“We worked closely with Keystone’s contractors to carry out the work in the bare minimum of time and with a good mix of people both with electrical and mechanical specialisms,” he continues. “I think, in the end, all involved were impressed by what we had accomplished. The customer was also very pleased with the installation work and the efforts we put in.
“To ensure that Keystone makes the most out of its new unloader, training was undertaken throughout the whole installation process, and more training will be purchased when the machine is in full operation,” adds Mr Ekberg.
New bulk opportunities
“Keystone wants to be able to use this machine for as many different materials as possible, and at decent capacity. In fact, in due course, it may even be used to unload sulfur,” he notes. “It is still being tested with the various new materials, but early results are promising. Assuming the moisture content can be kept under five percent, the unloader can be used for agromax, as well as synthetic gypsum. Cement, ground slag, and fly ash present no issues as a result of their lower moisture contents.”
Fly ash, one of the products that Keystone plans to expand into with its new unloader, brings mixed benefits. Its alkalinity makes it useful in the production of organic fertilizer and biofuel, and it can be used as a replacement for Portland cement, or baked into bricks to reduce the amount of clay needed. However, it is also a harmful pollutant and regulations ban its release into the atmosphere.
The new unloader will be essential in replacing open-air handling procedures currently taking place at Keystone, and both Bruks Siwertell and the customer are confident that this eleven-year-old machine will still deliver a competitive edge.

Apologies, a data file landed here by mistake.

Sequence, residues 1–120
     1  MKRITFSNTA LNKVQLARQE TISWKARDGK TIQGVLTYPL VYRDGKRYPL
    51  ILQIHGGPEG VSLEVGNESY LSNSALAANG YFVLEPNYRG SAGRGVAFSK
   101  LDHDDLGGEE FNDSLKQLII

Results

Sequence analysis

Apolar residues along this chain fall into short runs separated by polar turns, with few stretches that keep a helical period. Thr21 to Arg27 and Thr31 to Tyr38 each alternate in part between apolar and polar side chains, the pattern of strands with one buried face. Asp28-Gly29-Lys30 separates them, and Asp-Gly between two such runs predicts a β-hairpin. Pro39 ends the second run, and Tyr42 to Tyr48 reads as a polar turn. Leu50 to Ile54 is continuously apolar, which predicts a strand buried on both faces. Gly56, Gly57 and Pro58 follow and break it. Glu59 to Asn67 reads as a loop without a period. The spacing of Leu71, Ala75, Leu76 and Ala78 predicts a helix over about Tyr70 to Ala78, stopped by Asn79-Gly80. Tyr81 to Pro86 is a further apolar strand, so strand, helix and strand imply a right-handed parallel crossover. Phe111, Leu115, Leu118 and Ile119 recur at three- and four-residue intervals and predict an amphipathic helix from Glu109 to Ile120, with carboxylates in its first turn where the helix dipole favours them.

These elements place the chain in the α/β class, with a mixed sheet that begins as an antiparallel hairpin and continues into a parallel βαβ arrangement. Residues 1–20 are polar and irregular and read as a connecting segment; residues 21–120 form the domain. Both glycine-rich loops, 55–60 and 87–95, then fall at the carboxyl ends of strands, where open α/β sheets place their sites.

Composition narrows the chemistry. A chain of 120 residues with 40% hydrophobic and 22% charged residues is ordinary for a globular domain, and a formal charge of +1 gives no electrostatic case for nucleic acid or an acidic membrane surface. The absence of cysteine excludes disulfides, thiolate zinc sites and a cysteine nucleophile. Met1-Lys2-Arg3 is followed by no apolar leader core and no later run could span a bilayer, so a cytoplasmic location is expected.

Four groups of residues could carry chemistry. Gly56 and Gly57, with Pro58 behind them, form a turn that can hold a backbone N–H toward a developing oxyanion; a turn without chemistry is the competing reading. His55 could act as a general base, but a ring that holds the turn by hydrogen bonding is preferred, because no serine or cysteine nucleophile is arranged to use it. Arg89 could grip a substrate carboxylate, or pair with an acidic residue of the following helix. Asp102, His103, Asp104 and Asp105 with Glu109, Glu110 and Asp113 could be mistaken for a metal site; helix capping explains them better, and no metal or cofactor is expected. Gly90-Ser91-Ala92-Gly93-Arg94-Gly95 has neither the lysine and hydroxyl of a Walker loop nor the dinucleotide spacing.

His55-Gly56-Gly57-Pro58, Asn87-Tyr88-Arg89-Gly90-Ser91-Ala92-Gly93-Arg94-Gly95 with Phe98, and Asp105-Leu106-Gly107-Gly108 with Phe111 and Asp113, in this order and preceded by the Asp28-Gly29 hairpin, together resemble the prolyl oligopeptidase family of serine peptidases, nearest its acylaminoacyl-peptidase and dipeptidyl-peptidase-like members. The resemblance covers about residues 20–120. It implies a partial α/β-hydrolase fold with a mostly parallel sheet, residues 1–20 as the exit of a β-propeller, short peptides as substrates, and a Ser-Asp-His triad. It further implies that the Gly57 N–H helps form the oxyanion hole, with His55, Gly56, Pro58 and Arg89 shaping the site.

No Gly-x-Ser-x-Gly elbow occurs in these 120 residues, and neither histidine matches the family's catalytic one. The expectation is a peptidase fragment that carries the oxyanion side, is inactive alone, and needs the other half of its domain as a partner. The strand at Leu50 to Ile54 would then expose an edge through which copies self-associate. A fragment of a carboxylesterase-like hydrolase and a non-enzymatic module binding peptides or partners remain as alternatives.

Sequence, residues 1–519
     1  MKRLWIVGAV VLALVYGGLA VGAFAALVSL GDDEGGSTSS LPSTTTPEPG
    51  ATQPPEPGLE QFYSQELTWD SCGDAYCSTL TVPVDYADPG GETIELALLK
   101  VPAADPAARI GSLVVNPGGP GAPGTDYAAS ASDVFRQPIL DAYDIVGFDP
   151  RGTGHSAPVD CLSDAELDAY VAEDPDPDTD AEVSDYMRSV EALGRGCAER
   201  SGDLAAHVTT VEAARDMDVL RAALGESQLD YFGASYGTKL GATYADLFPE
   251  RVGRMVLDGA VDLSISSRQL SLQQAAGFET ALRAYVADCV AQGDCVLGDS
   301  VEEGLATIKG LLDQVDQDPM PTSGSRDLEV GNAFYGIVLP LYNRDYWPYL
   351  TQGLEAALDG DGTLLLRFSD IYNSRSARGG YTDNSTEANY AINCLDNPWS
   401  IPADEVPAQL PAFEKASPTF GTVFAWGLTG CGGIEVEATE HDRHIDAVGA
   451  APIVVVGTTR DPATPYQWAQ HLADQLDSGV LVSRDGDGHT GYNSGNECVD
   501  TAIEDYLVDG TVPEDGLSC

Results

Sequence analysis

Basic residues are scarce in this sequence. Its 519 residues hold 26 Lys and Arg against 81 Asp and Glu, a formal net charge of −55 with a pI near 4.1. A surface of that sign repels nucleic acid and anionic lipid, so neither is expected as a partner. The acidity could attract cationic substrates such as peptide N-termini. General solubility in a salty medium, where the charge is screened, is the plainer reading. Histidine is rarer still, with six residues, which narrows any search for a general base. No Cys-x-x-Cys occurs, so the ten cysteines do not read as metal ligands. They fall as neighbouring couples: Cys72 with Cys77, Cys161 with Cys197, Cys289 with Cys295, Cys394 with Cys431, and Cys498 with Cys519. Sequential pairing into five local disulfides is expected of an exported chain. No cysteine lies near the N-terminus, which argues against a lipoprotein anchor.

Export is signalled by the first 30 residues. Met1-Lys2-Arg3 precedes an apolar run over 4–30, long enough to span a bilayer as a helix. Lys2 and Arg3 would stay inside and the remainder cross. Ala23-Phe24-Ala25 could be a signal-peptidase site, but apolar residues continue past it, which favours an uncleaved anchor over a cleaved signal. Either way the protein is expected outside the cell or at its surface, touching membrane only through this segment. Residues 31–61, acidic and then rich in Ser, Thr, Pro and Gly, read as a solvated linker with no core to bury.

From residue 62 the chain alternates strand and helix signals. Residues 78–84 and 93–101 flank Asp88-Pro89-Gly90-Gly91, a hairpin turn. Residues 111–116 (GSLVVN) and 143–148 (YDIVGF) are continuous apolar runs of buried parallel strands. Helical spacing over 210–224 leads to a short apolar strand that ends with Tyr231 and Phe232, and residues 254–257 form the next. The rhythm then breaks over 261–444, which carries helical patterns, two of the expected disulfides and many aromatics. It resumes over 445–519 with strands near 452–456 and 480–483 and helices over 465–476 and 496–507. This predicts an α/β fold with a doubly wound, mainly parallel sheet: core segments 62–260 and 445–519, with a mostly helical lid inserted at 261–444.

“Its screw-type conveying technology is proven, very reliable, and most importantly, delivers fully enclosed, dust-free operations, with zero spillage,” explains Mr Ekberg. “This is beneficial to the environment and extends to all the materials that the unloader is able to handle, regardless of their individual properties. So, it stands to reason that the machine will be able to increase flexibility and environmental protection at Keystone, irrespective of the original intent behind the design.
“It will also increase unloading efficiency and capacity, which will decrease the time a ship spends at the dock, and will also take away a lot of handling equipment, including trucks and payloaders, being used for unloading now.
“We understand that the market brings unexpected changes and we always strive to do whatever we can to get the most from available equipment. This can involve repairs, upgrades, modifications and even moving entire systems to new locations to meet new needs. We are proud of our ‘can do’ approach and customers should always get in touch with us when, as in Jacksonville, they are faced with an interesting challenge,” concludes Mr Ekberg.